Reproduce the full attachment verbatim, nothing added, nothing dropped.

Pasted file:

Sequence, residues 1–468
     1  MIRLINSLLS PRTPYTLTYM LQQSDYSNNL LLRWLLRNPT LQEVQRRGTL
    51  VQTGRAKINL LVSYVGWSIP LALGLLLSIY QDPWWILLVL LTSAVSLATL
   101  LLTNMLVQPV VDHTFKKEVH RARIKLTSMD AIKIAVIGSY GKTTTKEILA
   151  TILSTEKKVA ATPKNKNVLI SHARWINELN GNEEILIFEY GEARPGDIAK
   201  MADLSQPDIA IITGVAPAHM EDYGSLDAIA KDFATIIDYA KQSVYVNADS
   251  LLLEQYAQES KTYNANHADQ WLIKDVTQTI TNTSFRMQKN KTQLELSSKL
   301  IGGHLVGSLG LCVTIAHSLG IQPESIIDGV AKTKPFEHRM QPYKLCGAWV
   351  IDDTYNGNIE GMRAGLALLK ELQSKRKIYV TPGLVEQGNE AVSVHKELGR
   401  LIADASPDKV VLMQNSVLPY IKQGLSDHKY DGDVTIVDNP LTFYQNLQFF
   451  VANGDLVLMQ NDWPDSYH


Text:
Sequence, residues 1–468
     1  MIRLINSLLS PRTPYTLTYM LQQSDYSNNL LLRWLLRNPT LQEVQRRGTL
    51  VQTGRAKINL LVSYVGWSIP LALGLLLSIY QDPWWILLVL LTSAVSLATL
   101  LLTNMLVQPV VDHTFKKEVH RARIKLTSMD AIKIAVIGSY GKTTTKEILA
   151  TILSTEKKVA ATPKNKNVLI SHARWINELN GNEEILIFEY GEARPGDIAK
   201  MADLSQPDIA IITGVAPAHM EDYGSLDAIA KDFATIIDYA KQSVYVNADS
   251  LLLEQYAQES KTYNANHADQ WLIKDVTQTI TNTSFRMQKN KTQLELSSKL
   301  IGGHLVGSLG LCVTIAHSLG IQPESIIDGV AKTKPFEHRM QPYKLCGAWV
   351  IDDTYNGNIE GMRAGLALLK ELQSKRKIYV TPGLVEQGNE AVSVHKELGR
   401  LIADASPDKV VLMQNSVLPY IKQGLSDHKY DGDVTIVDNP LTFYQNLQFF
   451  VANGDLVLMQ NDWPDSYH